(2) It was to secure the execution of the pledge. It is easy to promise. The difficulty lies in the performance. God is only mocked with the devotion of the sanctuary which is not followed by the service of the daily life. Hence we need to preserve and carry the high impulses of worship into the work of the world. Many men live two lives, and the life of the Sunday has no bearing on that of the week day. We should use all means to bring religion into life.
III. THE FORM OF THE COVENANT.
(1) There was an appeal to memory. The people were to be witnesses against themselves. We should treasure in the memory and often call to mind the thoughts of our seasons of spiritual elevation.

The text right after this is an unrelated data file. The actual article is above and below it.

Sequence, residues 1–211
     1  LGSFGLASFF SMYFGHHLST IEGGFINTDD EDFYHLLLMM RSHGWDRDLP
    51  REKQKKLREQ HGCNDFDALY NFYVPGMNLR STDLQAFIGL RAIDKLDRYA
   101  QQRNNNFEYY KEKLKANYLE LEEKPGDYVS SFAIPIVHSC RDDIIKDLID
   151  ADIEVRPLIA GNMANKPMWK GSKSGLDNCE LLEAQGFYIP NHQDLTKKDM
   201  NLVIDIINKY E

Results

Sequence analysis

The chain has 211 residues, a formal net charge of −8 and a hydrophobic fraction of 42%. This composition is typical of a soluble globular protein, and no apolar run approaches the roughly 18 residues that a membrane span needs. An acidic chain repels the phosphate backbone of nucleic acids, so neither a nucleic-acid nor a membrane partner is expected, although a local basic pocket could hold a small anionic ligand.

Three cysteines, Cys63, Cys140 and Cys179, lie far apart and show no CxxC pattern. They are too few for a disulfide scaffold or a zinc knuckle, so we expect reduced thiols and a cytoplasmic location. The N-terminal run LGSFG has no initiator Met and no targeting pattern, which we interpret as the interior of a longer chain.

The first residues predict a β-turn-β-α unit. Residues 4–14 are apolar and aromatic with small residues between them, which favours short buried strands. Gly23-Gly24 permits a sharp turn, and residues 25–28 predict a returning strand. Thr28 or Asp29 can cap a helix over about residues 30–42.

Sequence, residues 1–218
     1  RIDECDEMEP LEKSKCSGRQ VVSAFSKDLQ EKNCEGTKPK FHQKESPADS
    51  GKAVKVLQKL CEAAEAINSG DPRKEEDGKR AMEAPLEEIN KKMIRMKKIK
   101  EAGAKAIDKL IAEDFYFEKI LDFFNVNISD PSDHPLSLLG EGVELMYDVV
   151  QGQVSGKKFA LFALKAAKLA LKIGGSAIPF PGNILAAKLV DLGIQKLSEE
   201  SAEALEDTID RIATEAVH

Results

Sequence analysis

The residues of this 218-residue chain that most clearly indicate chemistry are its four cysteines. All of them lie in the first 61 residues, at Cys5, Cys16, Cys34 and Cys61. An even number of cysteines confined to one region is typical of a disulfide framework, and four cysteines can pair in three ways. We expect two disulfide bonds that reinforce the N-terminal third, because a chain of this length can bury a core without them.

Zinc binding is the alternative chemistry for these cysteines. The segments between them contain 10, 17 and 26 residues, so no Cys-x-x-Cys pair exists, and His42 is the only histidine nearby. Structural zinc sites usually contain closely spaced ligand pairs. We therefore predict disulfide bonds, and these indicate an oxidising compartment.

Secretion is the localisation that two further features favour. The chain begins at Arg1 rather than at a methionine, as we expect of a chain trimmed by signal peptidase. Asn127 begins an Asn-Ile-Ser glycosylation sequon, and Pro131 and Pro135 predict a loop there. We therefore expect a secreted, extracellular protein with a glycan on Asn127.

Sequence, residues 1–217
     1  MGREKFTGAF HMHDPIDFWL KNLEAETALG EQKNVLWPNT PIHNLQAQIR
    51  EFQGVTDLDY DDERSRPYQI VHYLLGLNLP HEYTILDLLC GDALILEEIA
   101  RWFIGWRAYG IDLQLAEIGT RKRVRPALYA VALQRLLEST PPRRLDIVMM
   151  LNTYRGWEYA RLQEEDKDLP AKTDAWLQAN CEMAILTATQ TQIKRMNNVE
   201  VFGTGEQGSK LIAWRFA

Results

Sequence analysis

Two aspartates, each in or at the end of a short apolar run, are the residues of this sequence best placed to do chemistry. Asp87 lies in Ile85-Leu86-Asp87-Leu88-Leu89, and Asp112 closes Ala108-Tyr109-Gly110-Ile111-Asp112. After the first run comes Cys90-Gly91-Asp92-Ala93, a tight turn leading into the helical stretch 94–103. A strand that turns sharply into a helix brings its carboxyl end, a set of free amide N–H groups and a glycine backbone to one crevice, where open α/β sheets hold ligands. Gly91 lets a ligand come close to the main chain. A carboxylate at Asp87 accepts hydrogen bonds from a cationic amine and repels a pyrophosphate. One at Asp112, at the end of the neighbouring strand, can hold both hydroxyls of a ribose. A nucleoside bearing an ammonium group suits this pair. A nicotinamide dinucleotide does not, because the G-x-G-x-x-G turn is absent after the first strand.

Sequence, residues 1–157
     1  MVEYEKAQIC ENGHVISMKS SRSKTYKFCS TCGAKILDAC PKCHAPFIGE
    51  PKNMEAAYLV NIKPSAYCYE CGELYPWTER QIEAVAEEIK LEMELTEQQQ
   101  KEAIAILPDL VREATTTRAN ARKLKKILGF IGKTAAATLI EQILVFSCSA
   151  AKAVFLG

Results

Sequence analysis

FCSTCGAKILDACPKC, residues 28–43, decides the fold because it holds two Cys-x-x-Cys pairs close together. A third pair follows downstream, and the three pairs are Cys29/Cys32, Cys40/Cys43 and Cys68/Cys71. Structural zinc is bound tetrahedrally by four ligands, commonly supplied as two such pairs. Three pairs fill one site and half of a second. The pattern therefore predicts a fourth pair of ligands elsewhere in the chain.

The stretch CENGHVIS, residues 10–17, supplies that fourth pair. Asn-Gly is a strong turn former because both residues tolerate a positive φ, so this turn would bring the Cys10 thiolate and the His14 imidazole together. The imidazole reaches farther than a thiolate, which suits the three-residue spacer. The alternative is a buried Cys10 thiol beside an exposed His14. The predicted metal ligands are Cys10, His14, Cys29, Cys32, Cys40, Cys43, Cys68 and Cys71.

(2) There was a written record. Writing remains unchanged with the varying moods of men. It may he well to write our higher thoughts and deeper resolves for our own subsequent private meditation. The New Testament is a written covenant.
(3) There was a memorial stone. This would be always visible. So the covenant would be often called to mind. We often need to have our memories refreshed and our thoughts called back to the great practical truths of Christianity. Hence the utility of preaching not only new ideas, but truths that all of us know, and yet that all need to be reminded of, and to have often brought before us for practical application. The stone would not lose its value as it became old and familiar. Truth does not grow feeble with age, nor is it the less important because it is the more familiar. - W.F.A.
Joshua made a covenant.